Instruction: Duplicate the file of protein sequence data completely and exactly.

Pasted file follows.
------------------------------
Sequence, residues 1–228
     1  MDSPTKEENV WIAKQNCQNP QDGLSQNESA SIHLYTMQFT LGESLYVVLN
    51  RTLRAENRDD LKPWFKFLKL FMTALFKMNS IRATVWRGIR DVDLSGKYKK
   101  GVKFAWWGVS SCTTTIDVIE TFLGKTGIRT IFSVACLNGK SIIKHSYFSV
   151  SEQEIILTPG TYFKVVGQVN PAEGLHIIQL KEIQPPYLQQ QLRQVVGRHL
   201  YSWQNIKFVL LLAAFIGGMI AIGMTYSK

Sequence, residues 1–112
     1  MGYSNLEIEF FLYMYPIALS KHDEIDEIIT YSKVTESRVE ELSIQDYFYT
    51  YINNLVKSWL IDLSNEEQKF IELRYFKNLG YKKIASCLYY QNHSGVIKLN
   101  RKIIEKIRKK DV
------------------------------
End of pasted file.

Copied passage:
Sequence, residues 1–228
     1  MDSPTKEENV WIAKQNCQNP QDGLSQNESA SIHLYTMQFT LGESLYVVLN
    51  RTLRAENRDD LKPWFKFLKL FMTALFKMNS IRATVWRGIR DVDLSGKYKK
   101  GVKFAWWGVS SCTTTIDVIE TFLGKTGIRT IFSVACLNGK SIIKHSYFSV
   151  SEQEIILTPG TYFKVVGQVN PAEGLHIIQL KEIQPPYLQQ QLRQVVGRHL
   201  YSWQNIKFVL LLAAFIGGMI AIGMTYSK

Sequence, residues 1–112
     1  MGYSNLEIEF FLYMYPIALS KHDEIDEIIT YSKVTESRVE ELSIQDYFYT
    51  YINNLVKSWL IDLSNEEQKF IELRYFKNLG YKKIASCLYY QNHSGVIKLN
   101  RKIIEKIRKK DV